Net neutrality is here. What it means for youA federal judge on Thursday rejected cable and phone companies' attempts to stop net neutrality in its tracks. That means the FCC's plan for new Internet rules go into effect as planned.
What changed Friday? The FCC will be able to assert extra authority over the Internet to establish net neutrality.
What is net neutrality? It's like equal opportunity for Internet speeds and access to websites: no unfair fast or slow lanes, and no blocking of anything that's legal on your phone, computer or tablet.
Isn't that what exists today? For the most part. In reality, the world won't look much different on Friday. Netflix won't suddenly stream any faster for you. AT&T and Comcast won't abruptly stop laying down high-speed fiber cables and investing in their networks as retaliation.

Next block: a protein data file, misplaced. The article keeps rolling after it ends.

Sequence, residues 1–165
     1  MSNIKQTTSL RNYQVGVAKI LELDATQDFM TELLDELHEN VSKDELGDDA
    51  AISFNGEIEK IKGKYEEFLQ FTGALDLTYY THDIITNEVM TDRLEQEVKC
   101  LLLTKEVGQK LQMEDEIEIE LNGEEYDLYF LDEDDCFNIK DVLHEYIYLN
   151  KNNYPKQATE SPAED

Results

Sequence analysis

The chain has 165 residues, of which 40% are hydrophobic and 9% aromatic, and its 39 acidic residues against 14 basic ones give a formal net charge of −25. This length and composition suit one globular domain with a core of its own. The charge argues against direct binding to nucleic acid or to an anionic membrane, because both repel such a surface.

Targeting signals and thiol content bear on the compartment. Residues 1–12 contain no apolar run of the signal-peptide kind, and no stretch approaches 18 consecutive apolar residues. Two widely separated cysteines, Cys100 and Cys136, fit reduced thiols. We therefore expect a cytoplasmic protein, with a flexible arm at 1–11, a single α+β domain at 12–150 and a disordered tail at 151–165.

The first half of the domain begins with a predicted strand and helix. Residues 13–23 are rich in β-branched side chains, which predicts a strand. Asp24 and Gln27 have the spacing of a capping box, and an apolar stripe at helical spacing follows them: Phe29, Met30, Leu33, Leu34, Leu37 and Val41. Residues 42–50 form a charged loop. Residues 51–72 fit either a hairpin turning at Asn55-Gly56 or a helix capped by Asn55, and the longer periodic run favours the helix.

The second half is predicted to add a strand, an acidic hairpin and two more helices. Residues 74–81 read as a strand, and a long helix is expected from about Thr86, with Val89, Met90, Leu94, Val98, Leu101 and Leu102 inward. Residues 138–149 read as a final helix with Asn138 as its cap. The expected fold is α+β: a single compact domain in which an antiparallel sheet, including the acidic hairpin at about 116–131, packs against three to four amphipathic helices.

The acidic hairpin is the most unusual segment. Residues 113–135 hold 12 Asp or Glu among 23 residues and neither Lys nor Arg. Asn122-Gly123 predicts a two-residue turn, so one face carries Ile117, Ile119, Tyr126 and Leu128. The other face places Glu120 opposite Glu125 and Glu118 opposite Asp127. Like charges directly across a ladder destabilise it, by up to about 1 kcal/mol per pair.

But the net neutrality rules mean Verizon can't block Google Wallet on your smartphone, like it did in 2011. Your phone carrier can't block tethering apps, which turn your phone into an Internet hotspot for your laptop or tablet. AT&T can't block video chatting apps like FaceTime or Google Hangouts. And Comcast can't slow down file-sharing websites, like it did to BitTorrent a few years ago. More...
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